Wednesday, January 15, 2014
Hungarian Magic Roots, and Webs of Relation
This winter I've felt a new stirring, like the little motherwort seeds sprouting bravely in my garden, to tap into my ancestral roots a bit more, to bring the old magic of the women of my lineage into this sweet home, built by Italian hands in 1880, on Ohlone fecund creekbed land. Home and hearth, after all, are like our core-- at least for me-- our center, the place our roots do their rooting. I was given a beautiful birchwood broom for the Yuletide, and with it I've been twirling, sweeping out the old, listening to Faun Fables' "Sweeping Spell" , imagining that broom as also a wand of sorts, stirring up and eliminating dust and darkness, sweeping in an ease and gentleness of thought, a bright sweetness to the day. I've read of old broom-witches sweeping their brooms at the sky to bring rain... perhaps I should try this too, since we are experiencing the worst drought in recorded Californian history now.
According to my Women's Encyclopedia of Myths and Secrets, "Broomsticks were long associated with witches because they figured in pagan rituals of marriage and birth, the Mysteries of Women. In Rome the broom was a symbol of Hecate's priestess-midwife, who swept the threshold of a house after each birth to remove evil spirits that might harm the child" (120).
And, from the Taschen book of symbols, " Full of uncanny energies, broom, unnoticed at the back of the broom closet, bristles with a life of its own; sweeps, dances, flies" (596).
An old cow bell hung on a rosary-string of manzanita berries guards the door, and jangles happily with each entrance and exit over that threshold.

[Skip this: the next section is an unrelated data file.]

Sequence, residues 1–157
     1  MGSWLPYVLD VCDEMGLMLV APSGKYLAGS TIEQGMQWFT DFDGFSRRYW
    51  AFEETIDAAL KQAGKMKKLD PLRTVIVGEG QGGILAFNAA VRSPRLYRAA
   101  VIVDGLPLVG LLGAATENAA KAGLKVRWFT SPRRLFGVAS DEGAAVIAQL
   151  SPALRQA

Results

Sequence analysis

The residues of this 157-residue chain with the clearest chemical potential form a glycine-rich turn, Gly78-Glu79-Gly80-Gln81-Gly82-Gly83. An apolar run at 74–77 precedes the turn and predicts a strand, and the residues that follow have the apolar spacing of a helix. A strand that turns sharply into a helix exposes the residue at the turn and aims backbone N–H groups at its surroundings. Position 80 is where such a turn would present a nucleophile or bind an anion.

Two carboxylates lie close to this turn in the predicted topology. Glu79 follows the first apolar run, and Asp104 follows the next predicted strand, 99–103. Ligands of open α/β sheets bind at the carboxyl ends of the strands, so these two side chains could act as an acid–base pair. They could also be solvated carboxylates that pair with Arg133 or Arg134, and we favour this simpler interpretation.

But to get to my point, here, with this business of Hungarian Magic Roots... For Christmas, Simon's brother and wife gave us an old cookbook found used, knowing our particular fondness for sauerkraut, borscht and goulash, to name a few. We opened it at first with a bit of laughter, having no idea what to expect from those bold letters: TRANSYLVANIAN.
Well, let me tell you, this book is a treasure, a deep well of cultural and folk knowledge. All of the recipes are gathered from sources, such as grandmothers recipe books, that are pre WWI, and as such there are, for example, no cooking times, no oven temperatures (as most dishes were cooked over a fire or coals), and the occasional startling ingredient, such as a bear's foot, freshly hunted.
Paul Kovi set out to do for the recipes of his Transylvanian homeland what others have done when collecting folk music, folk tales. Each dish is a story, and the book is full of essays about traditional Hungarian-Romanian food culture, and its myriad Saxon, Jewish, Turkish, threads.
After making, with some trepidation (no cooking times!), the Saxon Sauerkraut and Chicken Pot soup below, which requires a quart of sauerkraut juice, I felt that little seedling unfurling further in me. Perhaps taste can bring up old memories in the blood, the tastebuds stunned and alive and remembering?